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Climate Policy Clash: EU Green Deal Meets Political Pushback


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The European Union’s Green Deal, aimed at eliminating carbon emissions by 2050, faces dwindling public support as an energy crisis impacts voters’ wallets and competing global incentives challenge Europe’s approach. This shift in sentiment will be tested in the upcoming parliamentary elections from June 6 to June 9, where voters’ concerns about affordability and economic competitiveness take center stage.

Shifting Political Landscape

Leading candidates in the parliamentary elections have moved from promoting climate action as a global leadership opportunity for Europe to emphasizing the protection of domestic industries and household budgets. This shift comes amid growing discontent over policies such as boiler bans and sustainable farming directives, which have fueled support for climate-skeptic right-wing parties.

“Many people feel the democratic parties have failed to find credible solutions to their daily problems and they view the climate transition as a financial burden at a time when their finances are already stretched,” said Dirk Messner, president of Germany’s Environment Agency.

Impact on Green Deal Implementation

A survey by the Institute for European Environmental Policy released in May indicated that 67% of experts believe the elections will negatively impact the implementation of climate reforms. Although most believe the Green Deal’s objectives will be legislated, they expect these policies to be weakened or constrained.

The challenge for the next European Commission and the 27 member states will be securing more funding for the Green Deal amidst other mounting pressures, such as increased defense spending due to geopolitical tensions following Russia’s invasion of Ukraine. Economic growth is sluggish, inflation remains high, and government budgets are strained, complicating the EU’s path to net-zero emissions.

Legislative and Financial Hurdles

The EU’s ambitious plans include launching a new carbon market in 2027 to reduce pollution from heating and road transport fuels, and by 2035, requiring all new passenger cars to be emissions-free. However, these measures will directly impact consumers, potentially fueling further political backlash.

“There’s a perfect storm brewing,” said Simone Tagliapietra, a senior researcher at the Bruegel think tank in Brussels. He noted that these measures would hit consumers just as the EU reduces green grants, potentially strengthening the narrative of far-right parties blaming Brussels for financial hardships.

Achievements and Future Challenges

Despite the backlash, the EU has made significant progress with its Green Deal, adopting measures to achieve a tougher emissions reduction goal of at least 55% by 2030 compared to 1990 levels. Pollution has already dropped 32.5% from 1990 to 2022, even as the economy grew by 67%. However, the bloc must accelerate the deployment of renewable energy, climate-friendly infrastructure, and clean technologies to meet its targets.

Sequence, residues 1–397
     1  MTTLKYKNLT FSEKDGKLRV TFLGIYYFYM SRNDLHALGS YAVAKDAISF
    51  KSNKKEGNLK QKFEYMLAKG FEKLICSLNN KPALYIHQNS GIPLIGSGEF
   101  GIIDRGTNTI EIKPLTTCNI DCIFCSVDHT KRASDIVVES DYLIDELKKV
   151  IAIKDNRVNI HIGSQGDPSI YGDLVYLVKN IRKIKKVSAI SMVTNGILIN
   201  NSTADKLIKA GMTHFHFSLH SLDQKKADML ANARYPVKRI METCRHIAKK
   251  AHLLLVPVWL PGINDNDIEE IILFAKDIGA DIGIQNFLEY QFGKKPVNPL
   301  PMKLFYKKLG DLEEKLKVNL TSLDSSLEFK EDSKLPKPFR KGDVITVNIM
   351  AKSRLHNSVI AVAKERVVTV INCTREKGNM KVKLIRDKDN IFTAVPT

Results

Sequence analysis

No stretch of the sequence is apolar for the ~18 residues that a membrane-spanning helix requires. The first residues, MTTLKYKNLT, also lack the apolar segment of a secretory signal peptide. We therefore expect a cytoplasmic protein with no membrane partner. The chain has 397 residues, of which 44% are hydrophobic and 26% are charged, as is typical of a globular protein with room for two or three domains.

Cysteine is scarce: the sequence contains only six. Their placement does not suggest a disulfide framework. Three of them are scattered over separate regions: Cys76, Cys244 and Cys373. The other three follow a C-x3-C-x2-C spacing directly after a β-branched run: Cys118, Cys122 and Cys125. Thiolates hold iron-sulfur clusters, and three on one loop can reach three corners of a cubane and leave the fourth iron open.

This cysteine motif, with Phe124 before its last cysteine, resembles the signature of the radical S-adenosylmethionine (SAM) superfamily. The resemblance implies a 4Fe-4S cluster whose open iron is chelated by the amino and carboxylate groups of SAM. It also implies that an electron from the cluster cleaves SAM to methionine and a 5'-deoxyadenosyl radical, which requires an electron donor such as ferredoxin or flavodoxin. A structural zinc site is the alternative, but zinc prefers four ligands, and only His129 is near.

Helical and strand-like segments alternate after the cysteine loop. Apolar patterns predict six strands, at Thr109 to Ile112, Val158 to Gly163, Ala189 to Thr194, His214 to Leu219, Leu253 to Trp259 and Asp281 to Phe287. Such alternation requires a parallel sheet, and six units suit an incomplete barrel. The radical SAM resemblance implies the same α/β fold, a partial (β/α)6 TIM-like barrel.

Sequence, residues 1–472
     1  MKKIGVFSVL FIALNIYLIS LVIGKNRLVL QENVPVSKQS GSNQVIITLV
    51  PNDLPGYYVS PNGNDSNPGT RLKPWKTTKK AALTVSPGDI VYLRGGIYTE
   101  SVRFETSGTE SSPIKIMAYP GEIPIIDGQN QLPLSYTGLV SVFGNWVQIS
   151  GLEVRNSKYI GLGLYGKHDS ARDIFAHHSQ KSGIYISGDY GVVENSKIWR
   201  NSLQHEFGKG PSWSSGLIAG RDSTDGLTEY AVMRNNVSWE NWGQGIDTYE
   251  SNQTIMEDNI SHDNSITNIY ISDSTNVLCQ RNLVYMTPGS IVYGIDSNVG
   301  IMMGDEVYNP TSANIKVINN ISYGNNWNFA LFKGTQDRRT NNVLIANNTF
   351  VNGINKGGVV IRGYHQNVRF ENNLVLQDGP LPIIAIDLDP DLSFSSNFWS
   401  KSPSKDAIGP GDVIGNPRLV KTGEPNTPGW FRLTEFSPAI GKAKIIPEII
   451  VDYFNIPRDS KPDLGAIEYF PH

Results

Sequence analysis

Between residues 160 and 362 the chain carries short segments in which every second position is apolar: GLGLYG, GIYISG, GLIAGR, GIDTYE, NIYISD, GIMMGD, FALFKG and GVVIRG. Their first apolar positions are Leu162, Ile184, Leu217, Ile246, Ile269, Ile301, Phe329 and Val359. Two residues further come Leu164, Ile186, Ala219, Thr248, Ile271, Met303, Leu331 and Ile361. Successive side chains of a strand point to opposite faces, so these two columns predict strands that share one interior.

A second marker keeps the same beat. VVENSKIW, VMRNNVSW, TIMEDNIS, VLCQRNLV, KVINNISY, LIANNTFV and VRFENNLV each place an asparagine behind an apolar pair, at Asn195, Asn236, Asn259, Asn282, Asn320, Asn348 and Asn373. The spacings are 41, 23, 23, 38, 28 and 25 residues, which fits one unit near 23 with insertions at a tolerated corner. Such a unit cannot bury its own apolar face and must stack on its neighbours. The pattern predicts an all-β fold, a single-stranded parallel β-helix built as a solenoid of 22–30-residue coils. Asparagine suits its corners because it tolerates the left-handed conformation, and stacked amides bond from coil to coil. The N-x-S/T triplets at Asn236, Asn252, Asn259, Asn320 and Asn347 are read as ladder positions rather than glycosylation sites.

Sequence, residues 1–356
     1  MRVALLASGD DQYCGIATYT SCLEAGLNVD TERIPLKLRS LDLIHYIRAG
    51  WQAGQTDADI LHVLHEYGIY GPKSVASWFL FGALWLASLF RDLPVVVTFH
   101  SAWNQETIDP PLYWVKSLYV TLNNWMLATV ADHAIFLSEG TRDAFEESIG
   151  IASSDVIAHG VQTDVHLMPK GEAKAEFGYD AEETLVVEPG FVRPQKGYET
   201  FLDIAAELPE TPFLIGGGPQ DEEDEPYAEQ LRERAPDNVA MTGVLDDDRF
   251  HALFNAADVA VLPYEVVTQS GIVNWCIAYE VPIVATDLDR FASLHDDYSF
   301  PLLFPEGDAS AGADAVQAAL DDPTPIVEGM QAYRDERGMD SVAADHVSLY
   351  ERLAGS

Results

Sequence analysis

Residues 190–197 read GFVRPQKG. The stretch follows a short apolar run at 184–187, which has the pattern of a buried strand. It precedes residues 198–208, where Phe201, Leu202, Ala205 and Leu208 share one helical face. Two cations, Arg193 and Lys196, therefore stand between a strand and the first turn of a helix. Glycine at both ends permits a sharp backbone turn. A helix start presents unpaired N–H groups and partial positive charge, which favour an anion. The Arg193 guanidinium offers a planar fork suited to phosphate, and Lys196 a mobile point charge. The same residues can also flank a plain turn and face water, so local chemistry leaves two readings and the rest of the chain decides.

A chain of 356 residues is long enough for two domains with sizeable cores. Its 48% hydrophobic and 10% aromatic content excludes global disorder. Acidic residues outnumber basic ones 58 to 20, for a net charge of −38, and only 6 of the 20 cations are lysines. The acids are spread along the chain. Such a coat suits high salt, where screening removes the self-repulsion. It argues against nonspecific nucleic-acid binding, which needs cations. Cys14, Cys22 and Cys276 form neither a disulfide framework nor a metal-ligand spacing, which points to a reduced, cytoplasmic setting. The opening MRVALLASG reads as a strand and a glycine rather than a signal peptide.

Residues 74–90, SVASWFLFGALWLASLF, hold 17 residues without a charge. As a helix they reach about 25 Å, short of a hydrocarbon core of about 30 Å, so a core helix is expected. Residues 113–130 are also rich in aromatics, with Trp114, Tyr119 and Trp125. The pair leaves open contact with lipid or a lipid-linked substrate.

The continent needs to invest about €1.5 trillion annually in its energy and transport systems to reach net zero, with most funding expected from private finance. This marks a substantial increase from the €863 billion spent annually on decarbonizing sectors between 2011 and 2020. The current primary public funding source for the green transition, a €750 billion post-pandemic recovery program, is nearing its end, and member states are divided over new financing tools, such as issuing joint debt.

Political and Social Considerations

The implementation phase of the Green Deal brings significant competitiveness concerns, according to Chiara Di Mambro, head of decarbonization policy at the Italian climate change think tank Ecco. The elections will act as a reality check for the Green Deal, reflecting the complex balance between achieving climate goals and addressing immediate economic and social pressures.

The Green Deal’s success hinges on member states making difficult choices, and there is concern that political shifts could slow down or dilute agreed-upon measures. Some governments may use a rightward tilt in the new parliament to water down existing regulations, such as the new carbon market or car emissions rules.

Upcoming elections

The upcoming elections will be crucial in determining the future of the EU’s Green Deal. While the Green Deal remains one of the most ambitious legislative efforts by the EU, its success will depend on continued commitment and difficult decision-making by member states and elected officials. As Eleonore Caroit, vice president of the French National Assembly’s foreign affairs committee, stated, the Green Deal “must remain a top priority” to ensure Europe meets its climate goals amidst the challenging economic and political landscape.

Credits: Mr. Waseem Shahzad Qadri, Editor also contribute this article

News Desk, where most of the News Item edit for THE THINK TANK JOURNAL

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